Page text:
• IT administrators losing the visibility of devices accessing corporate system and data outside the network. Also, they cannot gather forensic information in case of data breaches from these devices.

  • Unsafe or insecure applications that can compromise the security of corporate networks may be present on employee owned devices.

  • These devices are often used on unsecure networks (like public Wi-Fi hotspots) opening the door to malware infections or data leakage.

  • \"Jail broken\" or \"rooted\" mobile devices may provide enhanced features and functionality; however this opens the device up to potential risks. Beyond the ability to override the device security, malware can be embedded within the software used to root the phone, or within applications that are installed from unknown or unreliable sources.

  • Corporate network or sensitive data can be accessed on personal mobile devices if the device is stolen or the employee leaves the company.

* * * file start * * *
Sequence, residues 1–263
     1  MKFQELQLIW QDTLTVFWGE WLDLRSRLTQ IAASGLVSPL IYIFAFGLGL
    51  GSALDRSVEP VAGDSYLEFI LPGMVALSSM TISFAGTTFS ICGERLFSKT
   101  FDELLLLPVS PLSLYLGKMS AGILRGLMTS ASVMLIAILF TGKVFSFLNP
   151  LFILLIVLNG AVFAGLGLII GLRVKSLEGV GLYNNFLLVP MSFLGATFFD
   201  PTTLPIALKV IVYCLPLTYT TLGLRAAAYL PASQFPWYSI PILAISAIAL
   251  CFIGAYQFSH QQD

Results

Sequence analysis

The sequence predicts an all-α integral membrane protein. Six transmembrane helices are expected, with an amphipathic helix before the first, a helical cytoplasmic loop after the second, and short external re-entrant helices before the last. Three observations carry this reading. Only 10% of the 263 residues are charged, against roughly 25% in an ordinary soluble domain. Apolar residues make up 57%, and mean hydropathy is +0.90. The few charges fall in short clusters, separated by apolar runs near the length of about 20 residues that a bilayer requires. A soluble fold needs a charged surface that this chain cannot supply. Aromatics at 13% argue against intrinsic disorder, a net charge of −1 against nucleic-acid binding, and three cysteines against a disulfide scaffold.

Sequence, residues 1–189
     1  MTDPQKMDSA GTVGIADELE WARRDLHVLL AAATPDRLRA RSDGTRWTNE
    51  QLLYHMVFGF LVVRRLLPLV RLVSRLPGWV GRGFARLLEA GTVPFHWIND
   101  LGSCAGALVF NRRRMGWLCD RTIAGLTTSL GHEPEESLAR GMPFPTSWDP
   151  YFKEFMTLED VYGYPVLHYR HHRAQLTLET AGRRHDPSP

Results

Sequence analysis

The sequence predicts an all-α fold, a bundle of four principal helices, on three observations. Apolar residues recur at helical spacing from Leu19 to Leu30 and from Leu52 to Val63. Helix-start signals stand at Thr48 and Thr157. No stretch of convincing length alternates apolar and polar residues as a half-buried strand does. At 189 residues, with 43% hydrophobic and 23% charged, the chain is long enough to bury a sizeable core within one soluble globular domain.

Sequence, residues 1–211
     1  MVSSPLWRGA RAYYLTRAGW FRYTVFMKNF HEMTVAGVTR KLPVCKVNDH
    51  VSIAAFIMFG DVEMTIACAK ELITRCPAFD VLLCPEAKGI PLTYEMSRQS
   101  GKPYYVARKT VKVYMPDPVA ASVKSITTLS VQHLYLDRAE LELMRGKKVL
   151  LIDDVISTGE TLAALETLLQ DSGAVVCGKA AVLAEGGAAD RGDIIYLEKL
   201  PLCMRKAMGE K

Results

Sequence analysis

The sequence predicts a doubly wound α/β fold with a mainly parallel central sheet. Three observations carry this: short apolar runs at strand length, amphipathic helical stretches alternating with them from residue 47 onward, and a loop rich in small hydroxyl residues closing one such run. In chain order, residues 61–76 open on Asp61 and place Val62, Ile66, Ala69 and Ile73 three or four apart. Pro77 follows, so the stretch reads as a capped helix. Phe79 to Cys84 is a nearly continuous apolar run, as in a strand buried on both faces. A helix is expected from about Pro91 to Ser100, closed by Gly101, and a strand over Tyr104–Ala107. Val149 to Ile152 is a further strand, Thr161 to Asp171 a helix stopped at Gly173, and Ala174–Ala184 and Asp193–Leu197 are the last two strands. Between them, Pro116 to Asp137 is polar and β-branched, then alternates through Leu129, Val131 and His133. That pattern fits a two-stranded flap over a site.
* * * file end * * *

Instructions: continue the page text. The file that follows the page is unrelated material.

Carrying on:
• Personal devices are more vulnerable to attacks due to the wide use of social media applications.

How Secure is a Personal Mobile Device?

One of the biggest challenges for IT administrators for the company is to ensure that their users fully understand the need to secure their personal device when in use for work. Especially so now as cyber-attack threats on mobile devices are increasing resulting in data loss, security breaches and compliance/regulatory violations, yet most users often have a \'false sense of security\' that their devices are secure and its cannot be compromised.

While some attacks do not leave tell-tale signs, there are a few key methods in identifying if your mobile has been hacked such as:
  • Additional charges to your online purchases of applications

  • Unusual data download and upload usage patterns

  • Rapid battery life failure

  • To mitigate these risks, IT administrators must make mobile security a part of their overall network security strategy. If an organization decides to allow their employees to bring their own devices, it needs to build in solutions that will take care of most of their concerns.